Spartan Race

Friday, May 7, 2010

A Pearl Wisdom from the Runningquack's Pen

One of my favorite things about my tenure as a student at the medical school in which I now teach was the annual spring "String of Pearls" lectures. These lectures are a series of brief speeches given by faculty members chosen by the medical students. They're supposed to impart a "pearl of wisdom" to all four classes of medical students. I've had the honor of being selected to give a "Pearl" the last four years, and last year's speech had to do with both medical school and running, so I thought it might be of interest. Here it is, with some minor modifications:

When I got asked to speak this year, I wasn’t quite sure what I was going to do. I thought about putting together a bunch of amusing pearls. I was going to start out with my colleague John Brice’s rules of critical care – air goes in and out, blood goes round and round, oxygen is good, always pee before you do a procedure and move on to the cardinal rules of surgery. If you're curious those are #1 never stand when you can sit. #2 never sit when you can eat. #3 never eat when you can lie down. #4 never lie down when you can sleep #5 don’t “f” with the pancreas, but after those two I really couldn’t come up with anything else. At that point, I decided to fall back on the universal rules of public speaking the first of which is supposedly “know your audience, which is a bit problematic here. Some of you are M0s who are a combination of really excited and absolutely terrified because you are about to start medical school. Some of you are first years, who are feeling pretty good at this point because you are getting ready to have a whole summer off after a year of hell. Some of you are second years who are a whole lot more similar to the M0, because right now all you can think of is that you have boards in a few weeks and then after that you are going to the wards and you are actually going to be expected to know something. There also might be a few third years who have nearly developed a permanent grin because they are getting ready to be fourth years, and a few fourth years who are starting to lose that perma-grin because the are now realizing that they have forgotten everything they learned as a third year right before they become real doctors. Since I have a fairly diverse audience, I thought I‘d rely on a really cheap tactic and talk about hobbies.

So as a lot of you who have spouses or significant other have already found out, or are getting ready to find out, they are going to have a fair amount of time at home on their hands that you aren't going to have. When I started my third year of medical school, my wife took up long distance running. She started with a marathon that she ran my fourth year of medical school, and has kept going since then (since last November, she's run three marathons plus a couple of half marathons). She talked me into finishing one (note I don't say running one) my third year of residency, and at that point, I pretty much figured my running career for anything but an occasional 5K was over. So you can imagine my surprise when about eighteen months ago I came home from work and she told me that she had signed me up for a marathon. The catch was that particular marathon also happened to be in about ten days. I hadn't run at all in the better part of a year. I was out of shape and this was her not so subtle way of telling me I needed to get back in to it. I somehow managed to finish in a really, really bad time. What I took away form it was that I really hate running, but I really like racing – those of you that do it probably know what I am talking about. It doesn’t really make any sense, but for reasons that are completely unclear to me I'll get up at 3 AM and go stand in a freezing dark drizzle for an hour and a half to run double digit miles with no hope of winning just so I can get a tech shirt and a cheap medallion. That said, the entire time, I'm actually running, I'm thinking "why the hell am I doing this". I've done several marathons and a bunch of half marathons at this point. That is going to strike all of you in different ways. Some of you have probably done more, faster and better than I have, in which case you really aren’t too impressed (and let me be clear, I'm absolutely not impressed with it, my major claim to fame in the last marathon that I ran was that I drank a Pabst Blue Ribbon a bunch of fraternity guys offered me at about mile 23 and kept running). My wife kind of thinks it is cute that I have done it, but doesn't really consider me a runner – which I think is legitimate. Worse than that, my almost 7 year old recently ran a first 5k, and I don’t think really considers me a runner either. But I have learned a lot from running, and I think some of it applies to medical school, so I thought I’d spell a couple out here.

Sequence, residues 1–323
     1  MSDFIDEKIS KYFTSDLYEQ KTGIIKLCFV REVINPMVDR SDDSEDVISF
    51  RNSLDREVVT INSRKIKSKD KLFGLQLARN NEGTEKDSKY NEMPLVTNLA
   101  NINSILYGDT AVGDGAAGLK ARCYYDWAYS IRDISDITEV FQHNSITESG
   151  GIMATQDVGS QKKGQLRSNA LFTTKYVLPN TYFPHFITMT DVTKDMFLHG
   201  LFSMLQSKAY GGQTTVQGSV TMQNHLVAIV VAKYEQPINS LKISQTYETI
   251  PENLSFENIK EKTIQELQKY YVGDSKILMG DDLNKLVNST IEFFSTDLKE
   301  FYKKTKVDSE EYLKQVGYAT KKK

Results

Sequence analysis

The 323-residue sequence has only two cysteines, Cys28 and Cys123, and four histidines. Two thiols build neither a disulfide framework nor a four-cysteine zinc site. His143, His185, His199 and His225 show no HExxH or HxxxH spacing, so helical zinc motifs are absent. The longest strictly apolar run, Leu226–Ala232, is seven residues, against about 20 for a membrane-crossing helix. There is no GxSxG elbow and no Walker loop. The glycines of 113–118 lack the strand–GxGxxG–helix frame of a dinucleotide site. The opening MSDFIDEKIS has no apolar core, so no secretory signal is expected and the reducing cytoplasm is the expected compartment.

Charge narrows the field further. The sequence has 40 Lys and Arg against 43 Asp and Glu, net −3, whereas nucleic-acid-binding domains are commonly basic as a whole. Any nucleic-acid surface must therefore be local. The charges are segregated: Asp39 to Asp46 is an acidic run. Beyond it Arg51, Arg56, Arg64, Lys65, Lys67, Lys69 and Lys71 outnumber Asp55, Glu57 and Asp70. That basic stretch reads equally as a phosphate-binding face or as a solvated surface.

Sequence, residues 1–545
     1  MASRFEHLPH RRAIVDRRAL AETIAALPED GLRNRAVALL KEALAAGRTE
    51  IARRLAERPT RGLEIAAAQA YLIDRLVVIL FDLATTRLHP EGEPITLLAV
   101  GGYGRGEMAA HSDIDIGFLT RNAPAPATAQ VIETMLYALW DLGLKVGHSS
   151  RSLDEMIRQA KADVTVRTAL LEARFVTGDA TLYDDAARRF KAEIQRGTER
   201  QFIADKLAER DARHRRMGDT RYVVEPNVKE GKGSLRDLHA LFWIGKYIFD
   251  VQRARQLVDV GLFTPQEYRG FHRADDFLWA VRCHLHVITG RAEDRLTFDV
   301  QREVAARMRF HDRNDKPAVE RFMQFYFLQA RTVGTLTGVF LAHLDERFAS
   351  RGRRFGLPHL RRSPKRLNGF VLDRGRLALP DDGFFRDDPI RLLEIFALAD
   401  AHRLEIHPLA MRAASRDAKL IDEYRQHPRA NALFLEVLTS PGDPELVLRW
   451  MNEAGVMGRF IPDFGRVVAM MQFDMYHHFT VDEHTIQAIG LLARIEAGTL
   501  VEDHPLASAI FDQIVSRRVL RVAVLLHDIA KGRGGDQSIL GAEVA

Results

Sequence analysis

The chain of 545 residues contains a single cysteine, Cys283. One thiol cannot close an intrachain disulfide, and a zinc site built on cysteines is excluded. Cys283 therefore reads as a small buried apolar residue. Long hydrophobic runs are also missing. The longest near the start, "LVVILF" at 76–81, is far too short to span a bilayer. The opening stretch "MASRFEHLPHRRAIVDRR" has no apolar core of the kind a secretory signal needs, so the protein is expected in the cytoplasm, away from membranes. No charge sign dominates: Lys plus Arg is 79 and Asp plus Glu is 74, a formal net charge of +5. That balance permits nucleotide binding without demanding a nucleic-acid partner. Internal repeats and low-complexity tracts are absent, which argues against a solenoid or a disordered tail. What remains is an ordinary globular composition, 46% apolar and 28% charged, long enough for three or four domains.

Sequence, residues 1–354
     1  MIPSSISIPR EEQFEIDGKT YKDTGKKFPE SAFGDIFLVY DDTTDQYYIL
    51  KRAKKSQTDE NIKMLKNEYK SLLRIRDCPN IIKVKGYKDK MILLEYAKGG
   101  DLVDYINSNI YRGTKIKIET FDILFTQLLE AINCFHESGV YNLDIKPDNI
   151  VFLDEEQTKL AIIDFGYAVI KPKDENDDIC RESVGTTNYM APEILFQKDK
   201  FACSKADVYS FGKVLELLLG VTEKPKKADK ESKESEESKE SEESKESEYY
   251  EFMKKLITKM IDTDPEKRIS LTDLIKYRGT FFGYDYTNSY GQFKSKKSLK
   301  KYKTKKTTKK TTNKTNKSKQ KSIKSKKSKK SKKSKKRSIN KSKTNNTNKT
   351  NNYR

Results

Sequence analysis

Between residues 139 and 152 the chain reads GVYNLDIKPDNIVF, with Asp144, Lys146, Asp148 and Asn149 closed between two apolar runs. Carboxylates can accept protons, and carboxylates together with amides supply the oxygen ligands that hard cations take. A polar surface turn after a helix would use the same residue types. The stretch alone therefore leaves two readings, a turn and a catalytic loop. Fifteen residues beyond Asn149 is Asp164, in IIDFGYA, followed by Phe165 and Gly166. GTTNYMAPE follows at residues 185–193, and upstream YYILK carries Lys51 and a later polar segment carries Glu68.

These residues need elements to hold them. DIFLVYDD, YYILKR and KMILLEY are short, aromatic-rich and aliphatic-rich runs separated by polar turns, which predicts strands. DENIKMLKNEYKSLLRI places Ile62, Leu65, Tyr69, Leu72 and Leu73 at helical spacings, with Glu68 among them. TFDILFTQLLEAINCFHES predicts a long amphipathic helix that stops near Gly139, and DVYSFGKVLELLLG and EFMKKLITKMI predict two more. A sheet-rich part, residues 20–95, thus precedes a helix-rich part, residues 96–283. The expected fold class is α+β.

Point number 1 – do your personal best, and don’t worry about how everybody else is doing. The first thing that I figured out is I'm not going to win. Things have to go terribly wrong for a lot of other people for me to be competitive in an athletic event. I have on a single occasion won my age group in a small 5k, but I was the only 34 year old male in it. In a race of several thousand people, most have no illusions about coming in first. So why do you race if you aren’t going to win? Most people actually end up racing themselves and going for personal records. What you are really trying to do is run the best race you can on that particular day. Hopefully that will be the fastest you have ever run that distance. The personal record approach is well applied to medicine as well. I think this is very important, particularly for those of you just starting out. All of you are used to being at the head of the class or you wouldn't be here. For some of you, you will remain at the head of the class and it will be status quo. By definition though, half of you will end up in the bottom of the class. Furthermore, all of you are coming with different backgrounds, and that will give some of you an advantage over the others. The point I am making is don't worry about what your colleagues are doing, do the best you can do. The same thing will happen when you start your clinical rotations. Some of you who excelled in the classroom will become very mediocre clinically; some of you who were middle of the road in class will become superb clinicians. What you really need to do is do your best. I would argue that you should continue down that path the rest of your career as well. If you always do your best for your patients, you shouldn't have any trouble looking at yourself in the mirror or sleeping at night.